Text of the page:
4 X-ray thin-film measurement techniques II Fig. 6. Parallel-beam optics with a parabolic multilayer mirror. Fig. 8. Schematic diagram of a CBO system. Fig. 7. A schematic view of optical elements employed in the asymmetrical-reflection measurement (upper) and relationship between the incident angle and X-ray irradiated width (lower). in the symmetrical reflection measurement for powder samples. It is also possible to use focusing optics for studying thin films. If a thin film is with strong preferred orientation, only diffracted peaks from a certain (hkl) set of reflections can be detected. When a sample is very thin, diffraction peaks will be very weak and often buried under the strong diffraction peaks from a substrate. This is also true for the symmetrical-reflection measurement using parallel-beam optics. As described in Section 2.2, the asymmetricalreflection measurement is suitable for the characterization of thin films. Since the incident angle of the asymmetrical-reflection measurement is fixed at a very small angle, the incident X-ray beam can easily spill over the surface of a sample. An incident slit is therefore often used to limit the incident X-ray beam to fall within the sample surface. A plot of the X-ray irradiated length (or width) vs. the incident angle for various incident slit widths is given in Fig. 7. For example, the irradiated length is 30 mm for an incident angle of 0.2 and an incident slit width of 0.1 mm. If the X-ray irradiated length is longer than the width of the sample, the spilled-over X-rays will irradiate the sample holder and probably cause undesirable scattering and sometimes diffraction from the holder, resulting in high background noises. It is important to select an incident slit with a proper width to eliminate unwanted X-ray signals. Since the length of the diffracted beam is usually long, a PSA with a wide receiving window is needed to get both high intensities and high resolution (see the upper figure in Fig. 7). As shown above, parallel-beam optics is not only used in the symmetrical-reflection measurement, but also in the asymmetrical-reflection measurement for thin-film and rocking curve measurements including thin-film method. It should also be noted that the use of a multilayer mirror together with a channel-cut crystal can improve monochromatization and collimation of the incident beam. This combination of optical elements can be used in a high-resolution rocking curve measurement for the evaluation of lattice constants of an epitaxial film and its substrate, as well as a measurement of strain/relax of a thin film on the substrate, etc. Figure 8 shows a latest general-purpose X-ray diffractometer equipped with an advanced Cross Beam Optics (CBO TM ) unit in the incident X-ray beam. With a CBO, divergent-beam and parallel-beam optics, which have different optical paths, can be switched by simply pushing the optical selectable slit (7). 4. Examples 4.1. A polycrystalline silicon thin film on a glass substrate The X-ray diffraction patterns of a polycrystalline silicon film (t 10 nm) deposited on a glass substrate obtained by using symmetrical- and asymmetrical- 10 The Rigaku Journal, 25(1), 2009

5 Technical articles Fig. 9. XRD patterns for a silicon film on a glass substrate. reflection measurements are shown in Fig. 9. As shown at the top of Fig. 9, the diffraction pattern obtained by a symmetrical reflection measurement with focusing optics has strong scattering background (i.e., amorphous halo) from the glass substrate, and very weak diffraction peaks from the polycrystalline Si thin film. The Si thin-film peaks can be detected as overlapped on huge amorphous halo. As shown in the bottom of Fig. 9, the relative intensity ratio of the amorphous halo over the Si thin-film diffraction peaks decreases with decreasing incident angle a. The amorphous halo is practically invisible and only diffraction peaks from the film are visible when the incident angle a was reduced to Copper wiring thin film on Si substrate The diffraction patterns obtained by the symmetricalreflection and the rocking-curve measurements for a copper wiring thin film (thickness 100 nm) deposited on a single-crystal Si substrate are shown at the top of Fig. 10. As discussed above, the symmetrical-reflection measurement provides crystallographic information perpendicular to the sample surface (or the stacking direction). X-ray diffraction patterns for randomly oriented Cu and Si powders as references, are also plotted at the lower parts of Fig. 10. There are two very strong peaks, i.e. the Cu(111) peak from the film and the Si(400) peak from the substrate, in the diffraction pattern of the thin-film sample (see the top pattern in Fig. 10). This indicates that the Cu film has a strong [111] texture. The atomic arrangement of copper crystal is of the face-centered cubic ( fcc) packing in which atoms are arranged to form a closest packing in (111). It is commonly known that thin films of these fcc materials show a [111] preferred orientation (or texture) as a result of minimization of the sum of the surface energy of crystals. The data shown in Fig. 10 confirms the [111] texture in Cu thin film with the symmetrical-reflection measurement. Since it is also important to evaluate the degree of preferred orientation for the [111] texture in this Cu film, a rocking-curve measurement was also performed. The rocking curve for the Cu(111) peak is shown in the top center of Fig. 10. The degree of orientation was evaluated from the full width at half maximum (FWHM) of the rocking curve. The FWHM of the rocking curve was determined to be 3.5. A thin film with preferred orientation is commonly analyzed by a combination of symmetrical-reflection and rocking curve measurements. Both measurements can easily be performed with the use of parallel-beam optics. 5. Concluding remarks This article describe the principle, optics and the applications of the out-of-plane diffraction technique to Fig. 10. Diffraction pattern and Cu(111) rocking curve for Cu wiring film on Si(100) substrate (top), powder diffraction pattern for Cu (middle; shown in red line), and Si (bottom; shown in dark blue line). The Rigaku Journal, 25(1),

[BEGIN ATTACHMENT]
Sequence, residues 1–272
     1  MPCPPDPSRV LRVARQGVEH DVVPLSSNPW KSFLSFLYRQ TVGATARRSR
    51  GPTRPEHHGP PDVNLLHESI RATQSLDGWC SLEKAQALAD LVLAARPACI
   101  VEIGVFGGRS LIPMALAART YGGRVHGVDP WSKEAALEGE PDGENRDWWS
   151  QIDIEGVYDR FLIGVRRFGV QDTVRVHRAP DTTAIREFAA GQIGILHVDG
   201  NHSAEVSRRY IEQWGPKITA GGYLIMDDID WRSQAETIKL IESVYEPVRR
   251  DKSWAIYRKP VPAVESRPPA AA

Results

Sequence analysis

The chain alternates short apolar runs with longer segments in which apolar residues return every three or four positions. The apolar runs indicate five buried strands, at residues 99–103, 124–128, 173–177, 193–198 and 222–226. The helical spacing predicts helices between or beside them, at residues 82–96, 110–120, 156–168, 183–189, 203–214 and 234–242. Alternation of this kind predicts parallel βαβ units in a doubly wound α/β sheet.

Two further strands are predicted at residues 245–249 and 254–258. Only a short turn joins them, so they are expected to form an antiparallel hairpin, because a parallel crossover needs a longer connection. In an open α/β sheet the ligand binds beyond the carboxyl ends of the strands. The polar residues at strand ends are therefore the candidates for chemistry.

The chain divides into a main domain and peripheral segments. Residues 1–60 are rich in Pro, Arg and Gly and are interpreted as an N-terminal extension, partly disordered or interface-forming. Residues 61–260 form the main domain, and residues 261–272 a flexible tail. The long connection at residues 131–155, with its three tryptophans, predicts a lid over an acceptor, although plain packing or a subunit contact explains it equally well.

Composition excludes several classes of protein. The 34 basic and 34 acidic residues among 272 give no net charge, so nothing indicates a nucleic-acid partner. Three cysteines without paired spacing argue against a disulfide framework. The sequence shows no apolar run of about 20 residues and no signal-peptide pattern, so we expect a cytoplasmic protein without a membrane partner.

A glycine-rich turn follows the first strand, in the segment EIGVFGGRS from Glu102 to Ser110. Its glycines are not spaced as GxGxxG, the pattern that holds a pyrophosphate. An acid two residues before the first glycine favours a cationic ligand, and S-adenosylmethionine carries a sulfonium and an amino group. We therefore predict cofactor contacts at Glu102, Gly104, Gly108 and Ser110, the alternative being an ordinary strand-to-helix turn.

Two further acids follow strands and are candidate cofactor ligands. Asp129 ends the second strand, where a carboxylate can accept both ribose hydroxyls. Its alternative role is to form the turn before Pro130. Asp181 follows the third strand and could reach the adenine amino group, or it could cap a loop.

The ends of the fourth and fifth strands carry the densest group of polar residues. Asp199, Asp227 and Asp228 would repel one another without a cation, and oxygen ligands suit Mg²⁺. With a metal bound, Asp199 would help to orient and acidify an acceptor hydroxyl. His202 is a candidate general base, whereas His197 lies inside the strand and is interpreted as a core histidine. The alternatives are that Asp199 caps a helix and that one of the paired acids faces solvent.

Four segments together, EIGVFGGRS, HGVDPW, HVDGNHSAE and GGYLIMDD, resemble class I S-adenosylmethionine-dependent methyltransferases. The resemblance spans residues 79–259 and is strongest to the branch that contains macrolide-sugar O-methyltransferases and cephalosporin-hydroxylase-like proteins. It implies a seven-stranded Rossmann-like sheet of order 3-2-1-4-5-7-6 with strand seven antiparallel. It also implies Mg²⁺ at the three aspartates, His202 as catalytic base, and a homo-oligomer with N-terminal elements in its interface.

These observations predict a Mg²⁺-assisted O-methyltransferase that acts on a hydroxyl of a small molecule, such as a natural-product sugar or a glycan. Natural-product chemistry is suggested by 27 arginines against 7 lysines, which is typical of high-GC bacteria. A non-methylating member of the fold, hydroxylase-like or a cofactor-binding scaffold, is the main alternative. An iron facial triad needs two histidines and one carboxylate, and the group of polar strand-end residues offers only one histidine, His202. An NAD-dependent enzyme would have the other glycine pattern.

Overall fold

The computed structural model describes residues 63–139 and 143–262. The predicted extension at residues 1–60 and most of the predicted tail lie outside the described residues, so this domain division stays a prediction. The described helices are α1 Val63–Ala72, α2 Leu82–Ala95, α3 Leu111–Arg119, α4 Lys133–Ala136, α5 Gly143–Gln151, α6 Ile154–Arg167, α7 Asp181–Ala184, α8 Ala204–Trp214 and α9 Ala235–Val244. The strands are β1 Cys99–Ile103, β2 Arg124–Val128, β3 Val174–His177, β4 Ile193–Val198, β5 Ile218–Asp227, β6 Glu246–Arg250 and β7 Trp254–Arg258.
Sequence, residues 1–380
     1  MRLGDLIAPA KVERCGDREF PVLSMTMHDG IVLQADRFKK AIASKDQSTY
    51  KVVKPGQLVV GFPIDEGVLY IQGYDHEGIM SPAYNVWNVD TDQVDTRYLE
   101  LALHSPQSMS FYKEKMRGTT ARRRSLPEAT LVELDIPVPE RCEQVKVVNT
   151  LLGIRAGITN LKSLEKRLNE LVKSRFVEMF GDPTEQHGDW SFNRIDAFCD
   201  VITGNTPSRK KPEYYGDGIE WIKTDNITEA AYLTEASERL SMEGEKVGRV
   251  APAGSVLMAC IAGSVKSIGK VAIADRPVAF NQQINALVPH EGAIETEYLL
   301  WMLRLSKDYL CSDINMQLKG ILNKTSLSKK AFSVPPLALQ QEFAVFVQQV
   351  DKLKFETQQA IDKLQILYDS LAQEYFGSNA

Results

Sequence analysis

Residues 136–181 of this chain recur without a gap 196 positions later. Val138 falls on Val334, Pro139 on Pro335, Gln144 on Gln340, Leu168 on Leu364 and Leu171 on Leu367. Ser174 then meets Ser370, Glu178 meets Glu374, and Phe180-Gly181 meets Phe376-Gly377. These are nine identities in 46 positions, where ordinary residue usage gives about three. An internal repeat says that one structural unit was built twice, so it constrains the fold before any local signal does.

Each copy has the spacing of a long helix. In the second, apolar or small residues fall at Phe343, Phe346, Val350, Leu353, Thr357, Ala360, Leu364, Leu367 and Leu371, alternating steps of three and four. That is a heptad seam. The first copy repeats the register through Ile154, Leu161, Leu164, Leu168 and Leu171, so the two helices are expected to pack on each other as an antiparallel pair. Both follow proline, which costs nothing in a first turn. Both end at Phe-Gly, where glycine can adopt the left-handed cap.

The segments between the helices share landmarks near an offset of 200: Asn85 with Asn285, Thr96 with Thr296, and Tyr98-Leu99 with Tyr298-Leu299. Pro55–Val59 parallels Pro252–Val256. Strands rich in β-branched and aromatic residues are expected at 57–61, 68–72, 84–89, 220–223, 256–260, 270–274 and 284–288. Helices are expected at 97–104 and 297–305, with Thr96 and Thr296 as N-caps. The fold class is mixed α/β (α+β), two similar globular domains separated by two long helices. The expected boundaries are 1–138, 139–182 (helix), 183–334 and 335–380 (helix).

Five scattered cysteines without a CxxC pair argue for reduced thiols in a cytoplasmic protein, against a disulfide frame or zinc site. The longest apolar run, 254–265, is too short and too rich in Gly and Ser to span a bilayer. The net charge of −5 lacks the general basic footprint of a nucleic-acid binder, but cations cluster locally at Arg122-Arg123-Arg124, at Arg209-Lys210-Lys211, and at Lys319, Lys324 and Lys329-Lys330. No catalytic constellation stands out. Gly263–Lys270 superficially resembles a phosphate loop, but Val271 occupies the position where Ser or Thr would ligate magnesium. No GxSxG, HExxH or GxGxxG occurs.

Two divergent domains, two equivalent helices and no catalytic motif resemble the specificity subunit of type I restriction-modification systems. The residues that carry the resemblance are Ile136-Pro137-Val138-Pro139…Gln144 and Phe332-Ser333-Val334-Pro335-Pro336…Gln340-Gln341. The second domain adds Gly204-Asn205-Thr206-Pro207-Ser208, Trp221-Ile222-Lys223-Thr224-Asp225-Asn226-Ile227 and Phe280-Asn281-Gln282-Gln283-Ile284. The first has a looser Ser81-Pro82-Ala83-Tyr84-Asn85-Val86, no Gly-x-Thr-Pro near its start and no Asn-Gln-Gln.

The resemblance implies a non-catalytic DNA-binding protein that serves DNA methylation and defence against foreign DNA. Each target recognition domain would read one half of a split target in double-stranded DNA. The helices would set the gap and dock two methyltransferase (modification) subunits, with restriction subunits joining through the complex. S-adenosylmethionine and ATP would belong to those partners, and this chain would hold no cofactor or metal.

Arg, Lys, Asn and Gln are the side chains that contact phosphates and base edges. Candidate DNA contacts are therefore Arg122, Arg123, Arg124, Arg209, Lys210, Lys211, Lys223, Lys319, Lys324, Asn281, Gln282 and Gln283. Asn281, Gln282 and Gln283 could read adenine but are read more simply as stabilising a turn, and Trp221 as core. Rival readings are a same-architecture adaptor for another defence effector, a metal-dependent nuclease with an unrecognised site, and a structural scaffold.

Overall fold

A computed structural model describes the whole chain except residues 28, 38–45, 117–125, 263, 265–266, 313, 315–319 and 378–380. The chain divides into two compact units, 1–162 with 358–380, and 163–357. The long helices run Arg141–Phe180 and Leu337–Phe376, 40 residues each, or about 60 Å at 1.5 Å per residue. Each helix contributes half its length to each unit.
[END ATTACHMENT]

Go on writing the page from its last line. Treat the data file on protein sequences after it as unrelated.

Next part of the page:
6 X-ray thin-film measurement techniques II studying of thin films. This technique can be used to obtain crystal-structure information perpendicular to the sample surface (or the stacking direction). For structure information parallel to a sample surface, in-plane diffraction technique is used. Other thin-film measurement techniques will be described in forthcoming articles in this series of X-ray thin-film measurement techniques. References (1) K. Inaba: The Rigaku Journal, 24(1) (2008), (2) K. Omote and J. Harada: Advances in X-ray Analysis, 43 (2000), (3) S. Takahashi, M. Taniguchi, K. Omote, N. Wakabayashi, R. Tanaka, and A, Yamagishi: Chem. Phy. Lett., 352 (2002), ( 4) B. D. Cullity: Elements of X-RAY DIFFRACTION 2nd Edition, (1977), Chapter 7. ( 5) L. Jiang, Z. Al-Mosheky, and N. Grupid: Powder Diffraction, 17 (2002), ( 6) T. Mitsunaga, M. Saigo, and G. Fujinawa: Powder Diffraction, 17 (2002), (7) J. H. Li, T. McNulty, and A. Takase: Ceramic Industry February, (2007), The Rigaku Journal, 25(1), 2009